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Pennsylvania’s spending levels are a concern, and as the new budget is being negotiated, Democrats are pushing for even more spending increases.  

Eventually, “excessive growth” in spending threatens to inflict future tax hikes and unsustainable deficits. In 2022, for instance, state spending increased by 10.7 percent over 2021—a baseline that was already inflated by the COVID-19 pandemic. And as of this year, Pennsylvania faces a “long-term budget deficit” driven by a growth of spending that will far outstrip the growth in revenue. 

By 2027, the state will run an estimated annual deficit of over three billion dollars. Due to Pennsylvania’s constitutional balanced budget provision, this shortfall must be covered either by spending cuts or higher taxes on families and businesses.  

Pennsylvania currently ranks in the bottom half of states in business tax climate, a situation that will improve following the passage of cuts to the state’s corporate rate last year (these cuts will phase in over the next few years). The state also features a low, flat income tax, but other states continue to make progress reducing their personal rates. Pennsylvania’s improving tax situation must be defended, and failure to contain spending will threaten it.  

Improving the tax climate is key to making the state more attractive to families and businesses, and fighting against trends of a declining population, stagnant economic growth, and falling labor force participation. As a matter of fact, any tax hikes that push more workers and businesses out of Pennsylvania could end up costing the state money overall. 

Pennsylvania is in need of policies that limit spending growth and protect residents from costly tax increases down the road. Fortunately, state Representative Dawn Keefer (R) recently introduced an innovative solution to her state’s overspending problem. Cosponsored by 19 of her House colleagues, House Bill 1133 would require Pennsylvania’s Governor to employ zero-based budgeting when drafting appropriation plans for agencies.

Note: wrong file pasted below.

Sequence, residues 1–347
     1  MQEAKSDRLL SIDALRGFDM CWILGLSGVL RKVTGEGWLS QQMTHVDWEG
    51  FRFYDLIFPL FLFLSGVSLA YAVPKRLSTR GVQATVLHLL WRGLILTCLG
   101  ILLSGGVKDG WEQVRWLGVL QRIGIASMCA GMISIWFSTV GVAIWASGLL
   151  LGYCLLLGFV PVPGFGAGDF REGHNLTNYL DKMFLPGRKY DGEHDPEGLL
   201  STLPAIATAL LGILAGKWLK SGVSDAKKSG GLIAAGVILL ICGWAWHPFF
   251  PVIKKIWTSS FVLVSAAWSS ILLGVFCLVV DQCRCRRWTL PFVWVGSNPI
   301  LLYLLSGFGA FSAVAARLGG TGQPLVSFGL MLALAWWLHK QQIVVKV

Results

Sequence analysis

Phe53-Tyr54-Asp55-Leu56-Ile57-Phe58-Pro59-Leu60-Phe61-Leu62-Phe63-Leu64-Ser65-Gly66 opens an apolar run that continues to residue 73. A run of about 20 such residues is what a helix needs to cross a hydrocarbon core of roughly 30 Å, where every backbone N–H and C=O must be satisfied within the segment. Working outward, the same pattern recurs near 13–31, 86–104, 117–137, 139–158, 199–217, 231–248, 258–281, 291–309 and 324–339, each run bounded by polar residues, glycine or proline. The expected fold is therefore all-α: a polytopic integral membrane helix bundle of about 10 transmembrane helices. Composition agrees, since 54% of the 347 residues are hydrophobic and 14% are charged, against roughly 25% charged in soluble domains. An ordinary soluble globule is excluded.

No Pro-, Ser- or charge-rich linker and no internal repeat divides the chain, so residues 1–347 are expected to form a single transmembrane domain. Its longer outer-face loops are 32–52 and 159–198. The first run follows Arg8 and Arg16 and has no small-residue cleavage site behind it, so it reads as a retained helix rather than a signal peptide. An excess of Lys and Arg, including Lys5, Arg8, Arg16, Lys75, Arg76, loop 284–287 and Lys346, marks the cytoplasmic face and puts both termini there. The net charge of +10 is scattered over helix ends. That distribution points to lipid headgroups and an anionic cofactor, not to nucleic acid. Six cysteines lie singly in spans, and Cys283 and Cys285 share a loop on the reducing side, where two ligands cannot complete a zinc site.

The budgets of government agencies are typically determined by making adjustments to the prior year’s level of spending, regardless of whether that initial level is justified. In contrast, zero-based budgeting requires all expenses to be fully justified each year with no reference to previous budgets. Every function must be “analyzed for its needs and costs,” rather than blindly renewed. This clever strategy is often used by businesses to control their costs, focus their operations, and eliminate outdated initiatives. 

In various other states, the promising idea of applying zero-based budgeting to government agencies has taken hold. In the past two years alone, “Zero-Based Budget Acts” were introduced in New Jersey, Rhode Island, Minnesota, Massachusetts, Maine and Oregon. Even on the federal level, U.S. Senator James Risch (R–ID) introduced a much-needed bill to introduce zero-based budgeting with the support of his fellow Republicans. 

State Representative Keefer and her co-sponsors deserve praise for their leadership on this issue, and the Pennsylvania legislature would be wise to send her proposal straight to Governor Shapiro’s desk. If House Bill 1133 were to become law, Pennsylvania could finally put an end to wasteful legacy spending and bloated agency budgets. Without reform, Pennsylvanians will soon be stuck with new, punishing tax hikes in order to pay for programs that cannot be justified on their merits.